01 Jan 1983
TL;DR: Time and the Other as discussed by the authors is a critique of the notions that anthropologists are "here and now," their objects of study are "there and then", and that the "other" exists in a time not contemporary with our own.
Abstract: Fabian's study is a classic in the field that changed the way anthropologists relate to their subjects and is of immense value not only to anthropologists but to all those concerned with the study of man. A new foreward by Matti Bunzl brings the influence of Fabian's study up to the present. Time and the Other is a critique of the notions that anthropologists are "here and now," their objects of study are "there and then," and that the "other" exists in a time not contemporary with our own.
01 Jan 1988-Research Papers in Economics
TL;DR: The authors examine how things are sold and traded in a variety of social and cultural settings, both present and past, focusing on culturally defined aspects of exchange and socially regulated processes of circulation, illuminate the ways in which people find value in things and things give value to social relations.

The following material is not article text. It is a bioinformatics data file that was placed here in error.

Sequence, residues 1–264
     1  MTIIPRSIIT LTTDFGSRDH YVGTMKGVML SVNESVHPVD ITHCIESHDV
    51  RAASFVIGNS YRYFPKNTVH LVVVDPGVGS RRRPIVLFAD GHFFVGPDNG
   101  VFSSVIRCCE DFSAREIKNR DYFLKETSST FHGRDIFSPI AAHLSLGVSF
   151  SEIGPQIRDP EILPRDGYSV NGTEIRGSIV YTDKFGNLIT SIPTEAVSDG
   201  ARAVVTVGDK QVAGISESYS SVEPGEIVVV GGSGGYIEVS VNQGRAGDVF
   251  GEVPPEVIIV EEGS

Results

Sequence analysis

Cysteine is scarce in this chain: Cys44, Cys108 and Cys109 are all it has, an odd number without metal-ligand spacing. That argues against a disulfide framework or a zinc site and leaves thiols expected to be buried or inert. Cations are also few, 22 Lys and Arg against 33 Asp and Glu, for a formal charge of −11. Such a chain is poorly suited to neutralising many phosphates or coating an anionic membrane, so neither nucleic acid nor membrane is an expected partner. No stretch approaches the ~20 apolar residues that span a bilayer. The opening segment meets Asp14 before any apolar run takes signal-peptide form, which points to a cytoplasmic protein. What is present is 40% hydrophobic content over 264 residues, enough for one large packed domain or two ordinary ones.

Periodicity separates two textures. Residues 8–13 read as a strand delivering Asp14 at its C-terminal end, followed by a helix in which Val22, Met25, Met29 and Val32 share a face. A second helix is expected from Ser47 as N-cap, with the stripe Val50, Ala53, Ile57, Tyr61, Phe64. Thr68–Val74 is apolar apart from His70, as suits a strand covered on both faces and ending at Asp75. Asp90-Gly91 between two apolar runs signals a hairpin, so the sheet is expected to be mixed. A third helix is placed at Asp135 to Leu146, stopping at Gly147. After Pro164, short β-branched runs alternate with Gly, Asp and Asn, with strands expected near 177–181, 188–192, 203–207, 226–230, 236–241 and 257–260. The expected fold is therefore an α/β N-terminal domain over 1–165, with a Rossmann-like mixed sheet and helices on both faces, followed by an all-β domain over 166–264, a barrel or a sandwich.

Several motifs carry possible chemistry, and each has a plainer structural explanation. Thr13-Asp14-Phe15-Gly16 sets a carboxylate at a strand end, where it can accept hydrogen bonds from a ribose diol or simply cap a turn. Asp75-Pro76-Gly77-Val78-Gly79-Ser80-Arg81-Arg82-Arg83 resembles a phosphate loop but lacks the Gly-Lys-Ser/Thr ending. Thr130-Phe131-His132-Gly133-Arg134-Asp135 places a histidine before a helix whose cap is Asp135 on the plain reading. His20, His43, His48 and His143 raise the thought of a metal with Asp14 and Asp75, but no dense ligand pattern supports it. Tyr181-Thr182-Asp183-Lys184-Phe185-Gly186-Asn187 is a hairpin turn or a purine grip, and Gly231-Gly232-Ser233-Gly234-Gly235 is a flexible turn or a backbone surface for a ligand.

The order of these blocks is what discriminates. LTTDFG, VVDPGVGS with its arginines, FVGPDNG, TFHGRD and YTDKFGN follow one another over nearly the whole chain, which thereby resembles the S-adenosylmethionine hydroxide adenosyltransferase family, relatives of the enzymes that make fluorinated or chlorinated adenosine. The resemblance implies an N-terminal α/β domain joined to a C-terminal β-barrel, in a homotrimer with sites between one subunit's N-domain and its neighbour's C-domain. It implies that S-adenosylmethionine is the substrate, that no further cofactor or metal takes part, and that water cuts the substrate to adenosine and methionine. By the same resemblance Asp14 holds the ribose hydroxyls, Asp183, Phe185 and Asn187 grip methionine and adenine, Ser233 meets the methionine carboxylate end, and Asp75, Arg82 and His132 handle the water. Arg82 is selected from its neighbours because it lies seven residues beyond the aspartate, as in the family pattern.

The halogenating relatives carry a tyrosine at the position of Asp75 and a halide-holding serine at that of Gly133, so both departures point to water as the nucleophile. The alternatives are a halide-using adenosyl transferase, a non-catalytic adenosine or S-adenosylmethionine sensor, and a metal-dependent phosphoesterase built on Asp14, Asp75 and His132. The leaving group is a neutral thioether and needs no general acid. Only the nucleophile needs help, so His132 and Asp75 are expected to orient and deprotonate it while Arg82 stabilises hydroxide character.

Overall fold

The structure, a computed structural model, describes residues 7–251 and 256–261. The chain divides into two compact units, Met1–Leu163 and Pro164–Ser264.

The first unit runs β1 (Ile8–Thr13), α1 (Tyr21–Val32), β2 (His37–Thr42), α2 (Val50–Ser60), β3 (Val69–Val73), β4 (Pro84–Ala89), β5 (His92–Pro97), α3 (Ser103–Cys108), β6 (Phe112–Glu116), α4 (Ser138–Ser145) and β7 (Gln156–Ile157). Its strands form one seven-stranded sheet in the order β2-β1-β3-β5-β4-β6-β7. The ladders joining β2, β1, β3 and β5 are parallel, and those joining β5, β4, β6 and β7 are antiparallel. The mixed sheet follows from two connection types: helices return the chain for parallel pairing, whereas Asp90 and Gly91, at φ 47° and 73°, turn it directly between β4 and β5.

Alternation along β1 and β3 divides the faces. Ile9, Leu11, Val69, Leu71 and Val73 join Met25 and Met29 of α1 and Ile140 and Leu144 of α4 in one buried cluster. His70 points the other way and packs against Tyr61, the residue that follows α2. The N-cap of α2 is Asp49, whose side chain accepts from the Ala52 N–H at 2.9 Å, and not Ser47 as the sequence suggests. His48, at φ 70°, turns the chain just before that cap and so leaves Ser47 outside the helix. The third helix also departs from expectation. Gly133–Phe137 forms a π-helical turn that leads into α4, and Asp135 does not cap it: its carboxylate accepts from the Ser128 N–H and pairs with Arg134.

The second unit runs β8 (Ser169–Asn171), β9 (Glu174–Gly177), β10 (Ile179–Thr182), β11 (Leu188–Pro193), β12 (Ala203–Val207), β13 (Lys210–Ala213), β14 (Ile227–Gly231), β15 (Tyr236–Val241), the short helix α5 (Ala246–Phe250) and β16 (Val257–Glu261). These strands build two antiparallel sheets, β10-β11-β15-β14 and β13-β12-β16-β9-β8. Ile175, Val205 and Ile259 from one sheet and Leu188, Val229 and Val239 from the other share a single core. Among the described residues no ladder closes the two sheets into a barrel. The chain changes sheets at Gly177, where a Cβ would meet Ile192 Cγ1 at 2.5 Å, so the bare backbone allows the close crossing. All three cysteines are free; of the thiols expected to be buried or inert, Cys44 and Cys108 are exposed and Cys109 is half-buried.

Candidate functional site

Abstract: The meaning that people attribute to things necessarily derives from human transactions and motivations, particularly from how those things are used and circulated. The contributors to this volume examine how things are sold and traded in a variety of social and cultural settings, both present and past. Focusing on culturally defined aspects of exchange and socially regulated processes of circulation, the essays illuminate the ways in which people find value in things and things give value to social relations. By looking at things as if they lead social lives, the authors provide a new way to understand how value is externalized and sought after. They discuss a wide range of goods - from oriental carpets to human relics - to reveal both that the underlying logic of everyday economic life is not so far removed from that which explains the circulation of exotica, and that the distinction between contemporary economics and simpler, more distant ones is less obvious than has been thought. As the editor argues in his introduction, beneath the seeming infinitude of human wants, and the apparent multiplicity of material forms, there in fact lie complex, but specific, social and political mechanisms that regulate taste, trade, and desire. Containing contributions from American and British social anthropologists and historians, the volume bridges the disciplines of social history, cultural anthropology, and economics, and marks a major step in our understanding of the cultural basis of economic life and the sociology of culture. It will appeal to anthropologists, social historians, economists, archaeologists, and historians of art.